A couple of years ago I was introduced to the Italian stage director Fabio Cherstich while he was in Rome for work. We immediately got along, and discussed our common interest in visual arts. “Have you ever heard of the artist Larry Stanton?” he asked me, with his distinctive enthusiasm. He took out his phone and showed me an image of a crayon self-portrait of a young, attractive man. The name didn’t ring any bells, but the caliber of the work intrigued me. When I asked where the artist was based, Cherstich turned melancholic: Stanton had died in the early 1980s, due to AIDS complications, at the age of 37.
Cherstich discovered Stanton’s works almost serendipitously. In January 2018, he came across some images of Stanton’s drawings while doing online research, and was able to locate the representative of the estate, Arthur Lambert. A distinguished gentleman in his 80s, Lambert had been Stanton’s partner, mentor, and close friend since the late 1960s. He invited Cherstich to visit him in his Greenwich Village flat, where he generously provided access to Stanton’s archive.
“Arthur lives surrounded by Larry’s drawings and paintings and has many stories to tell about a New York that no longer exists — he considers himself a survivor of it,” Cherstich explained in conversation.
While the director was exploring the archive, Lambert opened up, revisiting memories about his former lover: their friendship with David Hockney, long conversations with Christopher Isherwood and Ellsworth Kelly, hanging out with Robert Mapplethorpe and Sam Wagstaff, museum trips together, and travels around the world with Hockney and Henry Geldzahler, the legendary curator of contemporary art at the Metropolitan Museum.
While feverishly exploring the archive, Cherstich unearthed drawings, paintings, photographs, polaroids, Super 8 films, diaries, and sketchbooks. Some of this material is collected in Larry Stanton: Think of Me When It Thunders, produced by Luca Bombassei and recently published by apartamento.
The book is part catalogue, reproducing Stanton’s portraits of friends and lovers made in the late 1970s and 1980s, and part photographic album, documenting the artist’s life, pre-AIDS crisis.
The texts — some of which were printed in the first publication on Stanton in 1986 — add depth to the figure of the artist, conveying his natural talent as a portraitist, alongside his personal struggle with mood swings, depression, and alcoholism.
Lambert’s frank words about Stanton have a poignancy: “His appearance in the gay underworld of 1960s New York was pretty spectacular,” he recalls in his essay. “Many people in the community had already heard that a new kid was around, one who was unusually attractive, and many wanted to meet him, including me. […] He was just 20 years old and beginning his whole life. I was 34 and felt awed by the obligation of guiding him in some direction.”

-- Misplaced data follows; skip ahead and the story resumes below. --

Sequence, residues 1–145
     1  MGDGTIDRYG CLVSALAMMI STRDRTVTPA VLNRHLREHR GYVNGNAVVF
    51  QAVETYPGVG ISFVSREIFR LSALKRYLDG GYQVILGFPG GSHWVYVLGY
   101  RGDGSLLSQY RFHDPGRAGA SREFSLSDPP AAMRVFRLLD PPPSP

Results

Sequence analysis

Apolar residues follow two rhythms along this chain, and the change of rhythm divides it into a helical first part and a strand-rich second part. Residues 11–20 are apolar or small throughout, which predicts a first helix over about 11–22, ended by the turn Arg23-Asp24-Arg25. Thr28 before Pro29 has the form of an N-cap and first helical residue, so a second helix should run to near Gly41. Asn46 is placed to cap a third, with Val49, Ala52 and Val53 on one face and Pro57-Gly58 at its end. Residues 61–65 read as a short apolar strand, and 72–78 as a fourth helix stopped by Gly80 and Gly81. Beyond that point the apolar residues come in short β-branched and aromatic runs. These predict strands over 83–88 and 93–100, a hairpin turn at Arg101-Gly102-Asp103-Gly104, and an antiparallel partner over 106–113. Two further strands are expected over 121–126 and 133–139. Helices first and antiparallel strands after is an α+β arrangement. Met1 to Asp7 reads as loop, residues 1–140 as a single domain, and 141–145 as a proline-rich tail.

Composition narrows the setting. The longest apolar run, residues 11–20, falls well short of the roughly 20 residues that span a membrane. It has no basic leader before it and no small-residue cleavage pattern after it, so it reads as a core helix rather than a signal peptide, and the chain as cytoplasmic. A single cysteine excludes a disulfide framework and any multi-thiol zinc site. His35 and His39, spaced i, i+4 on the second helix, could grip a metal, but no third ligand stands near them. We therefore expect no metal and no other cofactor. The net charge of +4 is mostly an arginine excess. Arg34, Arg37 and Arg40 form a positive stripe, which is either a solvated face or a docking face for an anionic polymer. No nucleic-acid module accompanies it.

In 1968 Lambert managed to introduce him to Hockney, who was struck by Stanton’s personality and took him under his wing.
“There was colt-like eagerness about Larry that was at the same time endearing and somewhat daunting. His lack of formal training in art made him avid for information and for articulated distinctions with regard to quality,” wrote Henry Geldzahler in 1986.
Stanton’s work is visually indebted to Hockney’s. The influence is especially clear in his still lifes and black-ink drawings, in which it can be hard to tell the artists’ works apart. Without a doubt, Stanton’s talent comes across more vividly in his crayon portraits.
“In his drawings he reached the character of his models. As they were mostly young men, they didn’t have the time or life experience to build up character in their faces, but as they look out at us, they appear attractive, self-contained, lively, and innocent,” Lambert states in his text. Even if Stanton’s works have the spontaneity and intimacy of quick sketches, something of each subject’s personality shines through.
With few exceptions — which include Alice Sulit, a devoted friend and occasional studio assistant, and Dr. Julia Mayo, Stanton’s psychotherapist — all the portraits are of handsome young men, some of whom would spend time in the Fire Island house Lambert bought in the early 1970s. “I remember all the boys who visited, but not always their names,” he writes in the book. “They came from New York City and from states far away to enjoy the freedom there, the dancing, the beach, and, of course, the sex.” A number of them were talented people working in the arts. It is disheartening to think that many died of AIDS a few years after they posed for Stanton.
“Whom the gods love die young,” wrote Menander. The gods must have loved Stanton more than others, as the artist passed in 1984, at the beginning of the AIDS pandemic. He left behind an engaging body of work, a moving tribute to a generation of creative minds lost forever.
Larry Stanton: Think of Me When It Thunders (2022), edited by Fabio Cherstich and Arthur Lambert, is published by apartamento and is available online.
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